We have a new PC, for general home use. It has Windows 10 and Office 2016 and works fine. I also have a Windows 10 phone and am happy enough with it, though (as I wrote last month, in my Farewell to WhatsApp) it feels like I am currently supporting the underdog. As I wrote at the time Google (with Android) and Apple (with iPhones) are bigger companies and their operating systems are on a load more handsets than Microsoft’s. The new Windows 10 computer usually stays in the living-room and once I had set it up my 9 year old daughter enthusiastically got to work, creating PowerPoint Presentations and finding other 9 year olds singing on YouTube.
Much of my day-to-day computer use is on this Mac Book Pro (three years old), and for portability I still have a Windows 7 netbook (all being well it will celebrate its sixth birthday in September). For many months now the netbook has been offering to upgrade to Windows 10 and I have resisted the offer. Windows 7 is still supported and the netbook still works. That’s good enough for me. This week the Windows 10 upgrade has been in the news, with Michele Hanson in the Guardian writing that the upgrade had ruined her day (and possibly her life). It prompted me to run GRC.com’s Never 10 on the netbook to disable the upgrade. I had been reading about it but not got around to trying it. I figured that at some point I would dig around and adjust whatever Windows Update settings were providing me with my daily Windows 10 messages, but Never 10 has done it for me. It’s made me feel rather lazy.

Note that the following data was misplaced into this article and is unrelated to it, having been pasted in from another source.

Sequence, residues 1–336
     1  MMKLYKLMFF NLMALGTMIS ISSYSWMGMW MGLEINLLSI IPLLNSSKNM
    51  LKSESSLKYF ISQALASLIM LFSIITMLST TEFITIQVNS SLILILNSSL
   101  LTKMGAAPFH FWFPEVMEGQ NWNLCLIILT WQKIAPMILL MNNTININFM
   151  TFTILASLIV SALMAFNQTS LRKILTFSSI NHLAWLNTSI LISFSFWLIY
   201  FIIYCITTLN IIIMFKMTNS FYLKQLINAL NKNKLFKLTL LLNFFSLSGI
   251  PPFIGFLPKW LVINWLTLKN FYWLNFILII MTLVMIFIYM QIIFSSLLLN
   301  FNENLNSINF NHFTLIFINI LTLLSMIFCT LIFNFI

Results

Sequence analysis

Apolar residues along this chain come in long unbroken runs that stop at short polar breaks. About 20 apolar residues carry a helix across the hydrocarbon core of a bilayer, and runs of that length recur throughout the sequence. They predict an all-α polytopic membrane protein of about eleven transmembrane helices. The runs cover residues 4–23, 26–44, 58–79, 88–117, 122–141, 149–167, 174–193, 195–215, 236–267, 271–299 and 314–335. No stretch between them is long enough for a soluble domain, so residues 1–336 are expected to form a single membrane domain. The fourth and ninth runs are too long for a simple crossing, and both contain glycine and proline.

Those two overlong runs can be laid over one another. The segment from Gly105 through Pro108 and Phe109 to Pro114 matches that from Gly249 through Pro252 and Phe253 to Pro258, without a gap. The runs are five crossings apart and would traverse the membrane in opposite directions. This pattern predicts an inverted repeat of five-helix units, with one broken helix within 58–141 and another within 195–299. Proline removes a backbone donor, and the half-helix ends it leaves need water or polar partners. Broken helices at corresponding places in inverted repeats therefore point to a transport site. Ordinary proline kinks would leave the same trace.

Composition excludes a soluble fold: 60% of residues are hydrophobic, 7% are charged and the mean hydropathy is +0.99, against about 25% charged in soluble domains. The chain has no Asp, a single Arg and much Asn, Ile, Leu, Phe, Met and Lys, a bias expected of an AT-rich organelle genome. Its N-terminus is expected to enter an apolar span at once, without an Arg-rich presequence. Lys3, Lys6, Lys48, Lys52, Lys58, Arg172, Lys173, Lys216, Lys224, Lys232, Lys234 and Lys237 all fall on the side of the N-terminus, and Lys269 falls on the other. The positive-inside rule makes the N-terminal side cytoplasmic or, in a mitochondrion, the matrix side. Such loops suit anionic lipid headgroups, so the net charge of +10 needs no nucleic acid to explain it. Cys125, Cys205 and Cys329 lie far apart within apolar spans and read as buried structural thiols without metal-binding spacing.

POSTSCRIPT (Monday 30 May 2016)
Since I drafted this piece Never 10 has come up in the most unexpected place: a conversation with my mother-in-law, who is in her 80s. She had heard of it and is going to ask her usual IT help person (who uses remote assistance to support her with her laptop) to run it for her.
And, based on the comments in that Guardian piece that I linked to above, it looks like Michele Hanson has happily reverted back to Windows 7.